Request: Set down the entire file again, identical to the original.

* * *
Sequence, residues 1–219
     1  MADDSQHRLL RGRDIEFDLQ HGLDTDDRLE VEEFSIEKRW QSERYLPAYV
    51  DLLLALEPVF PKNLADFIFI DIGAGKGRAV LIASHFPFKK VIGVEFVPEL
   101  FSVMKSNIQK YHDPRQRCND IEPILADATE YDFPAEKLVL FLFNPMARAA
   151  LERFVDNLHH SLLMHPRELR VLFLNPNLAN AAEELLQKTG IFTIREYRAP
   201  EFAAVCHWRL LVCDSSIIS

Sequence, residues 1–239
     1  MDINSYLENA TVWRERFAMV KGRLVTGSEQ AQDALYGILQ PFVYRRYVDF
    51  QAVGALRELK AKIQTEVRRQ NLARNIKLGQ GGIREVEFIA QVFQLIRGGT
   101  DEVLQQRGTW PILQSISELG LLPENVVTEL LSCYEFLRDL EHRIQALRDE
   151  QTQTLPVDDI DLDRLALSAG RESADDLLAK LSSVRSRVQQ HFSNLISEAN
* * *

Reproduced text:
Sequence, residues 1–219
     1  MADDSQHRLL RGRDIEFDLQ HGLDTDDRLE VEEFSIEKRW QSERYLPAYV
    51  DLLLALEPVF PKNLADFIFI DIGAGKGRAV LIASHFPFKK VIGVEFVPEL
   101  FSVMKSNIQK YHDPRQRCND IEPILADATE YDFPAEKLVL FLFNPMARAA
   151  LERFVDNLHH SLLMHPRELR VLFLNPNLAN AAEELLQKTG IFTIREYRAP
   201  EFAAVCHWRL LVCDSSIIS

Sequence, residues 1–239
     1  MDINSYLENA TVWRERFAMV KGRLVTGSEQ AQDALYGILQ PFVYRRYVDF
    51  QAVGALRELK AKIQTEVRRQ NLARNIKLGQ GGIREVEFIA QVFQLIRGGT
   101  DEVLQQRGTW PILQSISELG LLPENVVTEL LSCYEFLRDL EHRIQALRDE
   151  QTQTLPVDDI DLDRLALSAG RESADDLLAK LSSVRSRVQQ HFSNLISEAN